Mothers living with HIV/AIDS: mental, physical, and family functioning

AIDS Care. 2002 Oct;14(5):633-44. doi: 10.1080/0954012021000005461.


There has been little work assessing the psychological condition of mothers living with HIV, their home life, and how these women function as caretakers with a chronic illness. In this study, interviews were conducted with 135 HIV symptomatic or AIDS diagnosed mothers of young, well children aged 6-11. White mothers were less likely to be severely ill (CD4 counts of <500) than all other race/ethnic groups. The mean level of depression was elevated among this sample, and was associated with poorer cohesion in the family, and with poorer family sociability. Depression also was associated with the mothers being less able to perform tasks that they typically do; children of more depressed mothers had increased responsibilities for household tasks.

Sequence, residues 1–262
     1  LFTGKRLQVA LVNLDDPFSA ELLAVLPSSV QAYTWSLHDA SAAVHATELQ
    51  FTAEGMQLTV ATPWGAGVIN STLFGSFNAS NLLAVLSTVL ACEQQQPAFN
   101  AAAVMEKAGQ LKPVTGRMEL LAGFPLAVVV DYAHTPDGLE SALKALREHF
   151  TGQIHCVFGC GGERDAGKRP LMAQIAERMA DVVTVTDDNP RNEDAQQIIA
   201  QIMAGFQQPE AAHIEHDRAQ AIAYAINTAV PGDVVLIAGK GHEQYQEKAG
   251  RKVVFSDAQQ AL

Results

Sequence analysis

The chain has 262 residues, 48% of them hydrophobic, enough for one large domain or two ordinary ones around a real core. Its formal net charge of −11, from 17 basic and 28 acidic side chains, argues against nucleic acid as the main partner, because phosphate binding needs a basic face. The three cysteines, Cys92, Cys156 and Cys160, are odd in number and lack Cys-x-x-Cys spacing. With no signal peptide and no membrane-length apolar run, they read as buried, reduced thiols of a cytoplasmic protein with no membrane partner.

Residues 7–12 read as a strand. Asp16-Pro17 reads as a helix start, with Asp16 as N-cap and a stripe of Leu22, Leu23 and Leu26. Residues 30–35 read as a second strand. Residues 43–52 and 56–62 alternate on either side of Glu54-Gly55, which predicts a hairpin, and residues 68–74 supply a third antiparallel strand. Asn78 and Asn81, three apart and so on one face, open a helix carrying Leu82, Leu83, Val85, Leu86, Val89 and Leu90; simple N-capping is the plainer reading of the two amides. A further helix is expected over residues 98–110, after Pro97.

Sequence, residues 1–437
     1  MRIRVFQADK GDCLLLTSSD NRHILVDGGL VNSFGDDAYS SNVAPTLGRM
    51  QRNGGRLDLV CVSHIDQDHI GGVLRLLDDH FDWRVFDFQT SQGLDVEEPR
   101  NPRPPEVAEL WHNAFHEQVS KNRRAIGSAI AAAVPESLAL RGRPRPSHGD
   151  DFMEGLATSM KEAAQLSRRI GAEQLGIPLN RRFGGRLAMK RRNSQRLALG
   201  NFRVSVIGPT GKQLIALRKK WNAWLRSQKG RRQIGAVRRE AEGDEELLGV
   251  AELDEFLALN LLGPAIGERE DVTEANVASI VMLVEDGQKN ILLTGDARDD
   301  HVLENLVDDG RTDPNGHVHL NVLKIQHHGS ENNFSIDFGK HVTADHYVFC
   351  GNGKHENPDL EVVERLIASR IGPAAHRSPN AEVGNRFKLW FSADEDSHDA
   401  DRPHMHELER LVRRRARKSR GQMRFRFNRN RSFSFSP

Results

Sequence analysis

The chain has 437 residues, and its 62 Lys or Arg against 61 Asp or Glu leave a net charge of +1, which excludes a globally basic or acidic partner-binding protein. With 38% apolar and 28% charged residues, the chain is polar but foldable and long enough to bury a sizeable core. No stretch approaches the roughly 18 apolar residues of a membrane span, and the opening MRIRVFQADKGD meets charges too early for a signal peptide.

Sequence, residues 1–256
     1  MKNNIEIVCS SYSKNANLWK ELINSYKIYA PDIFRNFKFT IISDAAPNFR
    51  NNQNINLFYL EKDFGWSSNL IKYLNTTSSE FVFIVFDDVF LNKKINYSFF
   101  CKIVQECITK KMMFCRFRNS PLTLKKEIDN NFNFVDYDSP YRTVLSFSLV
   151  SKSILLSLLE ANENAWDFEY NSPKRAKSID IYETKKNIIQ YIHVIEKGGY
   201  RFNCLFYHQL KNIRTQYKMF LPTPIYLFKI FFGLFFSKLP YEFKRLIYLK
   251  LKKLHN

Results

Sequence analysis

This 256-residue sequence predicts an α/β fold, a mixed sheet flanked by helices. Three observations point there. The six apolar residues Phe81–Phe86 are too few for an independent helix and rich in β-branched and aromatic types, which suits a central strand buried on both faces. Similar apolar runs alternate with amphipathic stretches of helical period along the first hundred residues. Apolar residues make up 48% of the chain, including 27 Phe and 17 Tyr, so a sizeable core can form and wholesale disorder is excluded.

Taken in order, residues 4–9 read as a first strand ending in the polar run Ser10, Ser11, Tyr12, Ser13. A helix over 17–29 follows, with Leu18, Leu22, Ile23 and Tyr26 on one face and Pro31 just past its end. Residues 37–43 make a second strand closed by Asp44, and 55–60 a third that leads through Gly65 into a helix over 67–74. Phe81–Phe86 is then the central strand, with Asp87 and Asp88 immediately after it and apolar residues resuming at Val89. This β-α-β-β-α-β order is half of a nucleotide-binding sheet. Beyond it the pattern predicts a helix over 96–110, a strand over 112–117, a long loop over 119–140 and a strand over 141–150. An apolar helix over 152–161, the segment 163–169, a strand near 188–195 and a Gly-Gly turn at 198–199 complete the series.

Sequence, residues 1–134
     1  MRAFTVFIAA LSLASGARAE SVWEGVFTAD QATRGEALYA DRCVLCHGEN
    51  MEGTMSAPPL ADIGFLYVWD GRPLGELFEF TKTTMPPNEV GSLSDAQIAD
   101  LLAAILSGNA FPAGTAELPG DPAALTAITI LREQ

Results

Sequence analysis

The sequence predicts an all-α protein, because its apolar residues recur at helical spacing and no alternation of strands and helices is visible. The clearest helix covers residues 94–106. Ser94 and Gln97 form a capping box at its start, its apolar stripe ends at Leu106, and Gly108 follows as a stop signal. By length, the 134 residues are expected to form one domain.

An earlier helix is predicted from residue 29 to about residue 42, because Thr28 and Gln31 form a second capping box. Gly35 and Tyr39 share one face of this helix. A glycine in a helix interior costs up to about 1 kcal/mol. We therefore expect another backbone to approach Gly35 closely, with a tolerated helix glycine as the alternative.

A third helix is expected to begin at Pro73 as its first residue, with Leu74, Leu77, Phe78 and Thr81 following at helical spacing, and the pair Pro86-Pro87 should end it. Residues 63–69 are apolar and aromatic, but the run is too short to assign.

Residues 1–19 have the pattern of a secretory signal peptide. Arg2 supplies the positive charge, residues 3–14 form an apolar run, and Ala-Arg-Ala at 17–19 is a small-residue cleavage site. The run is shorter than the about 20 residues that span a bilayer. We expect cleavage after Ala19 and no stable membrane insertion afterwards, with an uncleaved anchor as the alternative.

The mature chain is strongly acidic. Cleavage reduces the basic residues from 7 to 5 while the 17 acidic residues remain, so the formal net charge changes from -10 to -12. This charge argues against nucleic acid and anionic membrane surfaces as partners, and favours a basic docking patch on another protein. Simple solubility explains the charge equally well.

Publication types

  • Research Support, U.S. Gov't, P.H.S.

MeSH terms

  • Acquired Immunodeficiency Syndrome / complications
  • Acquired Immunodeficiency Syndrome / ethnology
  • Acquired Immunodeficiency Syndrome / psychology
  • Adult
  • CD4 Lymphocyte Count
  • Depression / complications
  • Educational Status
  • Family
  • Female
  • HIV Infections / complications
  • HIV Infections / ethnology
  • HIV Infections / psychology*
  • Humans
  • Marital Status
  • Mothers / psychology*
  • Social Support